engage a guard or any other kind of paid employee, for working on
Shabbos alone, beause of this prohibition. If he has no need for him to
work except on Shabbos itself, he should stipulate that he'll work a
little bit on Erev Shabbos or on Motzaei Shabbos, so that he'll be able
to be paid "absorbed". >>>

So if the baby-sitter really does do some sort of preparation, such as
rehearsing a story to be read, or bringing a toy to that house *before*
Shabbos begins, AND that preparation is a required part of the
agreement, then Leah is correct that the sitter could be paid. But in my
experience, no such preparation usually occurs; the sitter just goes to
the house and watches the kids there.

Leah also asked <<< And, does it matter if s/he is Jewish? >>>

One of the points in the Shmiras Shabbos that I did *not* quote there,
is that this prohibition of "Shabbos salary" is on the employee, not the
employer. Therefore, if a Jewish babysitter works for a non-Jewish
family, all these laws apply (and others too, I suppose). But if a
non-Jewish babysitter works for a Jewish family, none of these laws
apply (though other laws very well might).

Akiva Miller


From: Akiva Miller <kennethgmiller@...>
Date: Tue, 21 Sep 2004 14:29:48 GMT
Subject: re: Third Person

In MJ 44:86, Batya Medad noticed <<< We pray directly to G-d, using the
simple second person, as if we're talking directly to a friend. It's
unlike many languages that dictate that when speaking to someone
distinguished, one speaks in third person. >>>

What I've seen is that we use both persons, often in the same
sentence. This is most easily seen in any short bracha, which begins
"Blessed are YOU", but then goes on to talk *about* G-d -- "Who brought
bread", "Who created the...", or whatever.

Other examples are in Birkas Hamazon, which begin with the "you", and
almost immediately switches to "Hu nosen lechem" (He gives bread),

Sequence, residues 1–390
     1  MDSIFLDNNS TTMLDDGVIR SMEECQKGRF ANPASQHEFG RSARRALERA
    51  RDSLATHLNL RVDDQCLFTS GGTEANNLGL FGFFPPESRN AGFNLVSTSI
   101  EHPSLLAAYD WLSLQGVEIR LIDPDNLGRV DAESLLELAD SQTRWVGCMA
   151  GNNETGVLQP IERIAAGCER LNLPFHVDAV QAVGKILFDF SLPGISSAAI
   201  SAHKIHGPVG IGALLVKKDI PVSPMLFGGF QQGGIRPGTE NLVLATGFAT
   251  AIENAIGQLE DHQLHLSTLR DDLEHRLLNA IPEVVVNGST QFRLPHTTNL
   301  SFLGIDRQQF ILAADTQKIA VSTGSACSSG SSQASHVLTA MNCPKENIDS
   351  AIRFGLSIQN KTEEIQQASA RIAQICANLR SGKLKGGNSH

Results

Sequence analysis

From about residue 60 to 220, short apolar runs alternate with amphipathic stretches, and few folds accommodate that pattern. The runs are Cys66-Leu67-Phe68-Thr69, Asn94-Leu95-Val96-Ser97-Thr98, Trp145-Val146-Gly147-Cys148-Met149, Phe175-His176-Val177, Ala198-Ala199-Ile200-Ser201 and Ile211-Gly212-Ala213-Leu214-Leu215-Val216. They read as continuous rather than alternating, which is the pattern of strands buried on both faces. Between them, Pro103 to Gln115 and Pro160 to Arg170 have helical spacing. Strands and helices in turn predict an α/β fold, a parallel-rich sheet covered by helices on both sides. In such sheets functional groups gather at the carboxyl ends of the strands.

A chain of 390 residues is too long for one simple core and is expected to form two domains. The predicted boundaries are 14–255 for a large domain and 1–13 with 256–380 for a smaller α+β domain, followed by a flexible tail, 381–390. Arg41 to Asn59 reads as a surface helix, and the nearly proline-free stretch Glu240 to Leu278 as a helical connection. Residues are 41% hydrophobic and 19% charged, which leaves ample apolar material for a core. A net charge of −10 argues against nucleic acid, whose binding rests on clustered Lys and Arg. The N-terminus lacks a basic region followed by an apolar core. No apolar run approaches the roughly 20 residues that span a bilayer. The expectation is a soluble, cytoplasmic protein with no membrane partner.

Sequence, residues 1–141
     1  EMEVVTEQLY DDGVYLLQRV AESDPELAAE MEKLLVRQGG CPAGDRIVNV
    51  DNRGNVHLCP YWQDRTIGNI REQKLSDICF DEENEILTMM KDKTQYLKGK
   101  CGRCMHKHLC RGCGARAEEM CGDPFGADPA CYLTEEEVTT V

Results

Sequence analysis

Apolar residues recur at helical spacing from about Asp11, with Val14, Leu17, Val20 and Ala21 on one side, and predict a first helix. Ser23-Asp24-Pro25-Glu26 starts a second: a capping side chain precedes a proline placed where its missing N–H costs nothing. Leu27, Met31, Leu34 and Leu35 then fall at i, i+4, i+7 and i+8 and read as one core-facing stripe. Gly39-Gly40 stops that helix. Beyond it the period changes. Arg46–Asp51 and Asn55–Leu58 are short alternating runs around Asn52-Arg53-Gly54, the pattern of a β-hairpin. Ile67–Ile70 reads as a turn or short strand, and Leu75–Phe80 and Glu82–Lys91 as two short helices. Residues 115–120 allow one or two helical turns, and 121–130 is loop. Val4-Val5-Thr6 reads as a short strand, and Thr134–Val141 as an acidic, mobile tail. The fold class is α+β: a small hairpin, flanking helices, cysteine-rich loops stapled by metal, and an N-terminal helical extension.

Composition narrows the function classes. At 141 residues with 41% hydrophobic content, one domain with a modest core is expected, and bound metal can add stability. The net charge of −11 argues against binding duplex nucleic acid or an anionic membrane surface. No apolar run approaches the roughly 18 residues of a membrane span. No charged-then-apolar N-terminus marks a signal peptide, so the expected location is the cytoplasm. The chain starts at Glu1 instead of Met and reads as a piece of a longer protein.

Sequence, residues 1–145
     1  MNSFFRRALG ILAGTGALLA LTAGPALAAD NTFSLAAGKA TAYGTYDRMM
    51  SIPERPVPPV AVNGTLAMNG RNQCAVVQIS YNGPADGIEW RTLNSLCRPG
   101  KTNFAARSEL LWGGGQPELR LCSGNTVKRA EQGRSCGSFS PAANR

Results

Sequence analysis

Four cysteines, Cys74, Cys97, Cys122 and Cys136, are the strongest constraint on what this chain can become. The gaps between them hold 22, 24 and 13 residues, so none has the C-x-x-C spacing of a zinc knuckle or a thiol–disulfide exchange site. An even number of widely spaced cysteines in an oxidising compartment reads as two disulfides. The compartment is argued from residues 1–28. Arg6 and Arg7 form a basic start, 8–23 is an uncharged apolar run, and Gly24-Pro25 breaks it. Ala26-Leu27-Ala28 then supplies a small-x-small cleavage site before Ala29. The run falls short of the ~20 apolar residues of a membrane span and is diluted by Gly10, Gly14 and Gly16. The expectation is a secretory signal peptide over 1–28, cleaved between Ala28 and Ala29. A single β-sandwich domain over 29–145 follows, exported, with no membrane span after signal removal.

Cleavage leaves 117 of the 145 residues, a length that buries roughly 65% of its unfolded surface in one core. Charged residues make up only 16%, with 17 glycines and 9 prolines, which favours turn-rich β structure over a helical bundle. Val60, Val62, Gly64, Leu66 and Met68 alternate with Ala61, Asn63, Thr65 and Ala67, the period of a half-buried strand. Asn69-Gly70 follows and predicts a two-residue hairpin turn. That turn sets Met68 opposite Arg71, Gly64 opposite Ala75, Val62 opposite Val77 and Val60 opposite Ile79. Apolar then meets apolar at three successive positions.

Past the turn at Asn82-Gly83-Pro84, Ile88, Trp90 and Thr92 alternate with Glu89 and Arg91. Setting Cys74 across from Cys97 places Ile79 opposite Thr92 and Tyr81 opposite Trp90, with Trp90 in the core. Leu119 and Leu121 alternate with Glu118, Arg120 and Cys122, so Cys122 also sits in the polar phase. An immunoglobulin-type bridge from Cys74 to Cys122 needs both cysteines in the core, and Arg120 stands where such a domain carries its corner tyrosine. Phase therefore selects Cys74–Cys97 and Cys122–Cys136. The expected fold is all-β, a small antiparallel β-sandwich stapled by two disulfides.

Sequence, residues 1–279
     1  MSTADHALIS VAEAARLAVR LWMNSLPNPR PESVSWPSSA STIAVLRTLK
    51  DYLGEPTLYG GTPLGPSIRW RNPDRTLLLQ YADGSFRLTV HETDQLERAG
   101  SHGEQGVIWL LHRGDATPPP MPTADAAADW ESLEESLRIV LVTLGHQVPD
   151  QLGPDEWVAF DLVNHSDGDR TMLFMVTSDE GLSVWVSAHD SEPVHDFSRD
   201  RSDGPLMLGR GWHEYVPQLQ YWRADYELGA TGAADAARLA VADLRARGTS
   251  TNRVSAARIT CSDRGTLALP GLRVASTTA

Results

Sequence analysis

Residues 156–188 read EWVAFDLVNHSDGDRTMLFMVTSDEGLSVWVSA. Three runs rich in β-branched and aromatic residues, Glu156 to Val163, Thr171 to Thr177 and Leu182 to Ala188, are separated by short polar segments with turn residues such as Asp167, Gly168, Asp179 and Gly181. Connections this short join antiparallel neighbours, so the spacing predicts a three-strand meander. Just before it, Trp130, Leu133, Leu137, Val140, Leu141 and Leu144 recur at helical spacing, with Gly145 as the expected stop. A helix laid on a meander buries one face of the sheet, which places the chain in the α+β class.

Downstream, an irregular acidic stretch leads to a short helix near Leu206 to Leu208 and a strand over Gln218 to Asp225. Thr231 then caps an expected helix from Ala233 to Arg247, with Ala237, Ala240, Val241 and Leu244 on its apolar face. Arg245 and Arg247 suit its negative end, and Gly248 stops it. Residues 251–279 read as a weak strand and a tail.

"uvtuvo" (and in His goodness), and so on.

Glancing through my siddur, I'll admit that I can't find any use of the
third person in Shmoneh Esreh, perhaps this is due to the very personal
nature of that prayer.

I do know that this topic is discussed in many books about tefilah in
general, but I can't find any specific examples right now. I think I
once referred to it as the "Avinu Malkenu dilemma", for HaShem is both
our relative (first person) and our leader (third person) at the same

Akiva Miller


From: Nathan Lamm <nelamm18@...>
Date: Tue, 21 Sep 2004 06:53:54 -0700 (PDT)
Subject: Re: "Unmarried girls" [sic]

Shoshana Ziskind mentions childless couples and how they are
judged. Unfortunately, in talking about "syatta d'shmaya" needed, she's
already making a judgment call: Some couples do not want (or cannot
support) children at that early stage, and are taking steps (and yes,
halakhically allowed) to prevent pregnancy. Perhaps it's best to assume
the couple is fully knowledgeable of their own affairs and not think
about such things at all.

Nachum Lamm


From: Nathan Lamm <nelamm18@...>
Date: Tue, 21 Sep 2004 06:40:50 -0700 (PDT)
Subject: Verses

There's a large chart at the end of Oxford's new "Jewish Study Bible"
showing all the variants in verses between Jewish and Christian
Bibles. The vast majority consist of Jews counting "introductions" to
Psalms as verses or part of verses, and Christians not counting them as

However, there are a number of other differences. When one examines
them, it becomes clear that there's a theological point being made with
many- and as it was Christians (more specifically, Stephen Langton,
1150-1228, an English priest who later became Archbishop of Cantebury)
who made them, it's clear that Jews accepted the verses because they had
to for convenience's sake, but altered some divisions that were
unacceptable. I believe there's a point in Bamidbar where Christians
(and, as it happens, the Masoretic division) separate a line about
creating new gods from another (I can't find the exact reference at the

I don't see an apparent problem with some of these, so there may indeed
have simply been variants. But there are other points to bear in mind as
well. For example, (Protestant) Christian Bibles place Malachi, and not
Chronicles, at the end of the "Old Testament."  Therefore, the last few
verses of Malachi are placed in their own chapter, as if to imply that
the redemption promised there will, in fact, begin on the next page,
with Jesus. Jews, however, place all of these verses within the previous
chapter, placing them within the context of Malachi as a whole.

Nachum Lamm


End of Volume 44 Issue 93